Few figures in professional baseball had a career quite like Pete Rose -- and practically no one who climbed so high fell so hard. Rose made his major-league debut playing second base with the Cincinnati Reds in 1963; nicknamed "Charlie Hustle" for his daringness and enthusiasm over the course of his career, Rose played in eighteen All-Star games, earned three World Series rings, broke Ty Cobb's record for career hits, and in 1975 was named Sportsman of the Year by both Sports Illustrated and The Sporting News. In 1984, after six years with other teams, Rose returned to the Reds, signing on as both player and manager at the age of 43; he continued to play until 1986, and stepped down as manager in 1989. That same year, a dark secret Rose had been hiding for years came to the surface -- Rose had for years been dealing with an addiction to gambling, and after falling deep in debt to bookies by betting on horse racing, he attempted to make the money back by betting on baseball.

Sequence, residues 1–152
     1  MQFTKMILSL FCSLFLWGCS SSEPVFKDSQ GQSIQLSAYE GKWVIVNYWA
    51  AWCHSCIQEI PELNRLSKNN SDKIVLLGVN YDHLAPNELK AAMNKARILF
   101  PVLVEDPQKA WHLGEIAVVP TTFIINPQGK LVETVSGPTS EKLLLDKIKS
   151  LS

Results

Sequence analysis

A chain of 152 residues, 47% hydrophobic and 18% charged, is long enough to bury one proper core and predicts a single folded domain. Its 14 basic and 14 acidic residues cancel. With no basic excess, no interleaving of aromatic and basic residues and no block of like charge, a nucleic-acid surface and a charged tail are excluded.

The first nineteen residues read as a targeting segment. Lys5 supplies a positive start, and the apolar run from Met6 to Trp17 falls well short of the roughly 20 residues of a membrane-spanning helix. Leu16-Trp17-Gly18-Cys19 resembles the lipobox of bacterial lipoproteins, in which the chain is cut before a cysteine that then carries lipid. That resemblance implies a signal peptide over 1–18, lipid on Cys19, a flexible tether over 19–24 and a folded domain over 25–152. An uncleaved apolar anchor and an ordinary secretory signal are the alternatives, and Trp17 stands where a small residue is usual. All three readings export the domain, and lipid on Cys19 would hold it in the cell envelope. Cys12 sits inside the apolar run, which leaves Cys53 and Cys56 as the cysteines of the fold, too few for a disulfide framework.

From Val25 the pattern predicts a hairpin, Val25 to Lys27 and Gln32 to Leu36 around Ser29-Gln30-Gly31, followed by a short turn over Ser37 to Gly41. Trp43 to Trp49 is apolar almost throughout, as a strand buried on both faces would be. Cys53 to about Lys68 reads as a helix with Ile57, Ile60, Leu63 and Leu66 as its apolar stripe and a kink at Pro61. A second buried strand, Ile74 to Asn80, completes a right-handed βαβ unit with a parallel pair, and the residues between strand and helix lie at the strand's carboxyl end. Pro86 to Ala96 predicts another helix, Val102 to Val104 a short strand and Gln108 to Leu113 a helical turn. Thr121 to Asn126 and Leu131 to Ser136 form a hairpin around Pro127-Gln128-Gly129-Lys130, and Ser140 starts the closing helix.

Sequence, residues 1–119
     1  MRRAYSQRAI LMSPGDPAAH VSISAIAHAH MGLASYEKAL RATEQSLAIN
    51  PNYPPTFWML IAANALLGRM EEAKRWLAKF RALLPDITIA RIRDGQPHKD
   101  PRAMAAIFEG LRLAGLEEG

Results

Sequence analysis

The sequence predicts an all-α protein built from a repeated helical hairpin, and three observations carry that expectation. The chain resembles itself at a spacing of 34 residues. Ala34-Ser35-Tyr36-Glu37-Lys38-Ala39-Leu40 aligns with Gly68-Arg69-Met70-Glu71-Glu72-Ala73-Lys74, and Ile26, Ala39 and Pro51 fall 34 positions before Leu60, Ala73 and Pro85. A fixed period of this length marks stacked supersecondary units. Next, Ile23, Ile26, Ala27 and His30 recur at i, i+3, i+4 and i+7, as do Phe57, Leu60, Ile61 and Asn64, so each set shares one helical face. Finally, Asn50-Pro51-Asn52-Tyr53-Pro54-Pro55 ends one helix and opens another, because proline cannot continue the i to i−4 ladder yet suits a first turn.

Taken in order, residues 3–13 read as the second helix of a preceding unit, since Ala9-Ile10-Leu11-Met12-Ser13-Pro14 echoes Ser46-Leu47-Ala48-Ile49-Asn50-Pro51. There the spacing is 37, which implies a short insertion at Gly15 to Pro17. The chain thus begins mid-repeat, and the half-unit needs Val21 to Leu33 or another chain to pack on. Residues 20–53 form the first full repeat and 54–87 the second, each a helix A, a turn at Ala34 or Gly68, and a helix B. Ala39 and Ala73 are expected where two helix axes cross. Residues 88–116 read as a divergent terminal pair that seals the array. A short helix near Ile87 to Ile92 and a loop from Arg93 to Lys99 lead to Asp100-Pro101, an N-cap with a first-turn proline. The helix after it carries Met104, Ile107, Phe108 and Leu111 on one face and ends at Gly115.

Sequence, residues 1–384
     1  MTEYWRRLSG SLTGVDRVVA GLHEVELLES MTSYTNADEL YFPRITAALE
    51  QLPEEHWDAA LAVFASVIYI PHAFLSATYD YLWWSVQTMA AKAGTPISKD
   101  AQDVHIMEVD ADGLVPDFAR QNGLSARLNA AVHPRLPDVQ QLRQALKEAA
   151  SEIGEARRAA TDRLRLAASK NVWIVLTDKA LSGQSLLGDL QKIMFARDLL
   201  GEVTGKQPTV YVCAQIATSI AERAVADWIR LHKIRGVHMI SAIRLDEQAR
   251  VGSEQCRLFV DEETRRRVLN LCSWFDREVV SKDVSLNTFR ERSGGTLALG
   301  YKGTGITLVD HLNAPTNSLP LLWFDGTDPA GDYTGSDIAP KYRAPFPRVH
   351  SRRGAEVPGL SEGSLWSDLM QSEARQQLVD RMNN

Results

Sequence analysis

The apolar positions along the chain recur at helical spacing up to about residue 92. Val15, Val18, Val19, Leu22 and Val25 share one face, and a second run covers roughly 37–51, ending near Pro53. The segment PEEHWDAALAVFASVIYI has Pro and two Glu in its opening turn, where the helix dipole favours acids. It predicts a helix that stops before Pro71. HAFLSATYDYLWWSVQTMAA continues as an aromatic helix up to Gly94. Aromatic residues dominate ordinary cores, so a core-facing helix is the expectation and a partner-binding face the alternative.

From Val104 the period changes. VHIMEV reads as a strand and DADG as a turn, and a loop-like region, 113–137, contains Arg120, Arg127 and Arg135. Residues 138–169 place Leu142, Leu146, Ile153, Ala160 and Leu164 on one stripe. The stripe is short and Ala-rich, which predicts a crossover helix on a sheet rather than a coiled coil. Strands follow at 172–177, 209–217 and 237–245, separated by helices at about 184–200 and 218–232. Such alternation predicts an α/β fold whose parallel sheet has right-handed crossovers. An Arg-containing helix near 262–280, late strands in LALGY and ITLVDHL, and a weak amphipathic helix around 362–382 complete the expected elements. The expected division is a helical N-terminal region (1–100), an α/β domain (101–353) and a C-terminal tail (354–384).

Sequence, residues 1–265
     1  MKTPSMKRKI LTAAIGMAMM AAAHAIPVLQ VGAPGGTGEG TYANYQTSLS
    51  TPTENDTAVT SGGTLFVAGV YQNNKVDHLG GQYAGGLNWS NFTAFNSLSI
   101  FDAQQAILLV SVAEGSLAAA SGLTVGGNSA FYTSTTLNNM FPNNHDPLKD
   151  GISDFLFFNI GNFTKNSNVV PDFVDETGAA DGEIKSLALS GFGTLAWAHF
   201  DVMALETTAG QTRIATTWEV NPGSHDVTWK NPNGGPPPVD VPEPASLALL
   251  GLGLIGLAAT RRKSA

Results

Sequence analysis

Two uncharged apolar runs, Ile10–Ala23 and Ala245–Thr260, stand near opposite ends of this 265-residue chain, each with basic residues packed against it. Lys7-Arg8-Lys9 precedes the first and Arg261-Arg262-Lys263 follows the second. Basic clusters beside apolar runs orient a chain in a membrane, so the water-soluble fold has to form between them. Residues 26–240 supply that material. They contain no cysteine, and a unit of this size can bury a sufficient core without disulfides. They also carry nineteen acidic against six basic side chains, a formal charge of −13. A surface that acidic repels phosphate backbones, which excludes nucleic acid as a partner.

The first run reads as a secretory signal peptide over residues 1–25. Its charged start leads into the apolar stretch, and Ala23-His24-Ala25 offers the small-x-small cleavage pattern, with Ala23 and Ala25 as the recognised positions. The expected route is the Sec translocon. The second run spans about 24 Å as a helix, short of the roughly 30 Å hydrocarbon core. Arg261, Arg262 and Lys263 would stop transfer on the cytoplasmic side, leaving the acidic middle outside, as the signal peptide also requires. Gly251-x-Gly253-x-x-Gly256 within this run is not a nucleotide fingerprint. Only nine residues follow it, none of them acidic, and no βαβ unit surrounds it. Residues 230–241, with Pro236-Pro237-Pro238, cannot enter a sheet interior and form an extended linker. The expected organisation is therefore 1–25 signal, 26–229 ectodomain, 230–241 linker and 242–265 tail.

Richard M. Davidson